Be guided by the spirit, Vatican diplomat urges World Youth Day pilgrims
By Dan McAloon
Catholic News Service
SYDNEY, Australia (CNS) – The Vatican’s ambassador to Egypt told World Youth Day pilgrims that the Holy Spirit will guide them in their relationship with God and stick with them when they leave the international youth festival.
Archbishop Michael Fitzgerald told New Zealand and Pakistani youths gathered in St. Aloysius Gonzaga Church in southern Sydney July 16 that the Holy Spirit "confirms the Christian’s special relationship with God."
"It is the spirit that helps us to relate to the Father and Son, and it is the spirit that allows us to pray," said the archbishop during the talk, part of the July 15 –20 World Youth Day activities in Sydney.
He added that if pilgrims hungered to experience the Holy Spirit in their lives "ask the spirit for words."
"That’s what we’re proclaiming – the spirit comes to overcome sin in us, to overcome anything that stands between us and God," said Archbishop Fitzgerald.
He said the pilgrim seeking an encounter with Christ only had to "find five or 10 minutes a day to kneel or sit with Christ in prayer."
"If you meditate on the scriptures you will meet the Holy Spirit, and the word of God will come to you," he said. Once evoked, he said, the Holy Spirit would not be diverted in its mission to bring that individual fully to Christ.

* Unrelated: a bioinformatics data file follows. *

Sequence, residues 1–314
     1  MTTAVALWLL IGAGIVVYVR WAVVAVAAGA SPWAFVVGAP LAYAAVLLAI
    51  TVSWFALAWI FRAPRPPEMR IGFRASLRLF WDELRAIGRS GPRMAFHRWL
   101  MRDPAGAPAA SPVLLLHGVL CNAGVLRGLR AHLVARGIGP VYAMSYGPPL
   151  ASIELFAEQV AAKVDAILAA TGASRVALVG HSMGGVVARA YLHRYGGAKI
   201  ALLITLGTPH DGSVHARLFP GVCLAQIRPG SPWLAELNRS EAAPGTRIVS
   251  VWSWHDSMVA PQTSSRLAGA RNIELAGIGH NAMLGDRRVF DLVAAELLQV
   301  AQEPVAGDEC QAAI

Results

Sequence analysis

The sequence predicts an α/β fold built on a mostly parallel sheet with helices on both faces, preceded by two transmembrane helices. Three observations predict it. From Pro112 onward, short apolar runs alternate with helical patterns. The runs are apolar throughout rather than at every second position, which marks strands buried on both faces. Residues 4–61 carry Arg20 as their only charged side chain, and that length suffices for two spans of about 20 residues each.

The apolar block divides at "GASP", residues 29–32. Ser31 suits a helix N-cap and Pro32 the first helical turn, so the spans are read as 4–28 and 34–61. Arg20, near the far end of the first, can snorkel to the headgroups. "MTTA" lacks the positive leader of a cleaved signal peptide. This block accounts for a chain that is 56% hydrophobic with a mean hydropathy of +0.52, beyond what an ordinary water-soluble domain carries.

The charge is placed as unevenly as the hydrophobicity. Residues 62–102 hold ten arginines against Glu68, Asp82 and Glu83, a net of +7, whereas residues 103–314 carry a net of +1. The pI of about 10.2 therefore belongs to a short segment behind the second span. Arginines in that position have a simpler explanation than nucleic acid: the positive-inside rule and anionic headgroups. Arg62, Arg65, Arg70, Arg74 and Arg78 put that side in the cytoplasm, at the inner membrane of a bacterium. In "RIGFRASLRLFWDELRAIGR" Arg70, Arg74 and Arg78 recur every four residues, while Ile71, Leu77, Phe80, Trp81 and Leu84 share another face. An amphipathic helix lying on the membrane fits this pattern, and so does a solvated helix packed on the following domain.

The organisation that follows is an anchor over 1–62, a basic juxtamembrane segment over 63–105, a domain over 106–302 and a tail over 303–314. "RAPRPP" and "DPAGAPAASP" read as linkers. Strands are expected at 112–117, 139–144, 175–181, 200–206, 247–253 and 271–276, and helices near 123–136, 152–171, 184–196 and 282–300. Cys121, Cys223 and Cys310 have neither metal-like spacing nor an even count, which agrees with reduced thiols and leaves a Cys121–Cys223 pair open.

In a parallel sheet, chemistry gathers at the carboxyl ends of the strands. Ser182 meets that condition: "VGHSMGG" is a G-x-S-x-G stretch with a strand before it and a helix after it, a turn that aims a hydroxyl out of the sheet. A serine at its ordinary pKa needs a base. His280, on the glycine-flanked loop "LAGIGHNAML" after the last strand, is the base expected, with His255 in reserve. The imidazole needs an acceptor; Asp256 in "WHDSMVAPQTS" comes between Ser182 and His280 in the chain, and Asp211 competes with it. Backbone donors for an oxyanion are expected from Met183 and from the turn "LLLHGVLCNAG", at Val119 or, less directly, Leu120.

"Like a magnet that when it touches metal leaves some magnetism in the metal, so it is with us. It is the spirit that enables us to seek reconciliation" and renews, said the archbishop.
"But it can unsettle you, too, even bring you into conflict in your own family where there is a believer and another who is not," said the archbishop, who used the example of Blessed Mother Teresa when she started her ministry to the poor of Calcutta, India.
"She was one who had to leave her own (Sisters of) Loreto congregation to found a new one (Missionaries of Charity) at the willing of the Holy Spirit," he said.
Meanwhile, Archbishop Fitzgerald told the youths gathered that his vocation as a priest of the Missionaries of Africa had been apparent "from the age of 9 or 10." "As a Catholic in an English grammar school I was not allowed to take religious lessons, but I sought out my catechist, a sister, who taught me well. She gave me some of her magnetism – it rubbed off on me," he explained.
Archbishop Fitzgerald said accepting the Holy Spirit in his life had later taken him through many unexpected ministries – studying theology in French in Tunisia, teaching Arabic and theology in Rome, and teaching Islam to Muslims in Uganda.
The church says "you should look at other religions with respect," he said, adding that teaching Islam was "a challenge that worked out well." His studies of other faiths enriched his Christian belief and were good preparation for the years when he was president of the Pontifical Council for Interreligious Dialogue.
Asked by a pilgrim what would happen after World Youth Day "when I feel a lessening of power as the magnet is taken away from me," Archbishop Fitzgerald assured him that nothing would be lost.
"You will store up the wonderful things that have happened here in Sydney and you will feel this experience continuing," he said. "You may miss the company, you may be on your own, but you can be united with the church wherever you are. Remember, the spirit will be with you."
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